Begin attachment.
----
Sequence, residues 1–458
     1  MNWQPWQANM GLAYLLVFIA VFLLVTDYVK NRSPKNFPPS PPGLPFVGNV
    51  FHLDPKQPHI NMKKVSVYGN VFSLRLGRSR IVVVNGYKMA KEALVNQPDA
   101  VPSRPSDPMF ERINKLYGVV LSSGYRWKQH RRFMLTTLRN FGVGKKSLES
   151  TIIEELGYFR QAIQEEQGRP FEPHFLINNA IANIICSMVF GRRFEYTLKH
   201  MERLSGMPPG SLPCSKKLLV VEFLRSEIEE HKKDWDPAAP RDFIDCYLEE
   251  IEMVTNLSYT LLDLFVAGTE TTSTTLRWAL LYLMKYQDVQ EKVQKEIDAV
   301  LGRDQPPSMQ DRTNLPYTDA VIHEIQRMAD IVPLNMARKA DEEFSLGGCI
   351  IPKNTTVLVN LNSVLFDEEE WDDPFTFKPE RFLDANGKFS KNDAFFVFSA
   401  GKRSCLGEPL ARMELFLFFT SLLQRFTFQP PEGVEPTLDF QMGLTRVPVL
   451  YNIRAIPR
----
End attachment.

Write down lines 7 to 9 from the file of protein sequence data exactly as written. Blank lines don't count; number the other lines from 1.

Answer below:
   251  IEMVTNLSYT LLDLFVAGTE TTSTTLRWAL LYLMKYQDVQ EKVQKEIDAV
   301  LGRDQPPSMQ DRTNLPYTDA VIHEIQRMAD IVPLNMARKA DEEFSLGGCI
   351  IPKNTTVLVN LNSVLFDEEE WDDPFTFKPE RFLDANGKFS KNDAFFVFSA